Malcolm X: Special Edition
"Many will say turn away from this man, for he is not a man, but a demon, a monster, a subverter and an enemy of the black man and we will smile." Those were but a few of the many eloquent words spoken by a forward-looking Ossie Davis as he eulogized Malcolm X in the winter of 1965. Even then, caught up in the tumult of the civil rights movement, Davis and others knew that Malcolm's complex legacy one of painful evolution from petty criminal to fiery demagogue to conscientious leader would struggle against the simplification of American history. However, what they could not have predicted was that, 20 years later, this hugely important man would be completely excised from black history curricula in predominantly white communities that favored the inclusive, inspiring, but safely anodyne message of Martin Luther King, Jr. A combination of educators blanching at the thought of rending the scabs of past upheaval, as well as the rigors of dealing with nuance in a society that has traditionally been unable to concurrently hold two radically opposed ideas in its collective mind, Malcolm X was reduced to a rumor hidden in the Biography section of local libraries where white children would never know to look for it. Then came 1989, and Public Enemy, and KRS-One peering out a window armed with an Uzi, and, most importantly, Do the Right Thing, its intentionally contradictory epilogue sending curious white teenagers scrambling for the slain black leader's fascinating autobiography, which their parents had to allow since it was dictated to that nice man who wrote Roots. Suddenly, Malcolm X, the man who terrified a nation, had returned with a vengeance to seduce the children of willfully forgetful Baby Boomers.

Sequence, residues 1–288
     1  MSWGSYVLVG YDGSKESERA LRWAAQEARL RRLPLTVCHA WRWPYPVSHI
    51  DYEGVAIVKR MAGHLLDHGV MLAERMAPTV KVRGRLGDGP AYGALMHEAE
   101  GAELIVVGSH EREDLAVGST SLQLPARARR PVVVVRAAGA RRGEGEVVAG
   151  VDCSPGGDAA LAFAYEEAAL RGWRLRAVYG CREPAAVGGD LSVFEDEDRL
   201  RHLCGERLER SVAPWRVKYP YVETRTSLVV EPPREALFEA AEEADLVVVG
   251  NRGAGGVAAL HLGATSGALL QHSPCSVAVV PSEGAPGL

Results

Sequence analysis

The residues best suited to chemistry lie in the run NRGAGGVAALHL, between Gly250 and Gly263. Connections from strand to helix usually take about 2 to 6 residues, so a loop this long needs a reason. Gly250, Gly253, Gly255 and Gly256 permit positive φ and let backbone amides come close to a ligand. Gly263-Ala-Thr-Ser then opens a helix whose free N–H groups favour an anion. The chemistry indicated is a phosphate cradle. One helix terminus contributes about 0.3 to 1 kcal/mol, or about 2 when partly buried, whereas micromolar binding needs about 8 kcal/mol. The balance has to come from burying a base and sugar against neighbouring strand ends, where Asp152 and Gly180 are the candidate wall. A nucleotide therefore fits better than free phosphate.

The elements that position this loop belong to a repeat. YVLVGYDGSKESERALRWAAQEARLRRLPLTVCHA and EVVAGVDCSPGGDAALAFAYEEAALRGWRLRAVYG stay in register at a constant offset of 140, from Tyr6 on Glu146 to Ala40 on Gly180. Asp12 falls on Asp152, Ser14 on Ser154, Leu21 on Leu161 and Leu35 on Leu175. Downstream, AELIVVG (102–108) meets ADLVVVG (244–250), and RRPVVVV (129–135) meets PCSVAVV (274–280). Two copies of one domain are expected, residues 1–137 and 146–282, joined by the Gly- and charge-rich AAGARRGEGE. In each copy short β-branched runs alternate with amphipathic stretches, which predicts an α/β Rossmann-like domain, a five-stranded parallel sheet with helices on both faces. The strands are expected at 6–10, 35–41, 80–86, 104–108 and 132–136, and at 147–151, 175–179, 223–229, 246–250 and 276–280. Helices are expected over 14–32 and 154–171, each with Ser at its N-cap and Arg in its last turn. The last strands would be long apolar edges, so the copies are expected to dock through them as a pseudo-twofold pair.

As with all pop-cultural phenomena, all eyes naturally turned towards Hollywood, whence a cash-in was surely forthcoming. Cleverly, (and, in the face of a black filmmaking renaissance, insensitively), Warner Brothers handed off the property to the uncontroversial Norman Jewison, raising hackles among everyone who knew the film of Malcolm's life was fated to be directed by the man who helped reintroduce him American audiences: Spike Lee, who subsequently strong-armed the well-intentioned liberal off the project and claimed it as his own. Audaciously, and against the efforts of a bond company that did everything to truncate and shut down the production, Lee emerged with a three-hour magnum opus powered by a legendary performance from Denzel Washington as the divisive Black Muslim leader. Examining to a surprisingly unvarnished degree the aforementioned three stages of Malcolm's life, Lee avoided hero worship and crafted a lively, masterfully paced epic of personal transformation that captures the spirit of the autobiography while unavoidably remaining something of a thumbnail sketch of Haley's magnificent work. Beginning in Boston, where a young Malcolm honed his cocky, conk-haired "Detroit Red" persona lindy-hopping to the stomping rhythms of Lionel Hampton's big band, Lee imbues the film with the glorious music of the period, which helps propel it through its first hour with a necessary fleetness. The going gets heavy once Malcolm is consigned to prison, where he's slowly converted to Elijah Muhammad's Nation of Islam movement by a composite dramatic creation named Baines (Albert Hall). Upon his release, Malcolm begins his rapid ascent to favorite-son status under an encouraging Muhammad (Al Freeman, Jr.) but splits from his mentor when he is exposed to his hypocritical predilection for spreading his seed amongst his female parishioners. This initiates the third stage of Malcolm's life the enlightenment which begins with his hajj to Mecca and concludes with his assassination in Harlem's Audubon Ballroom.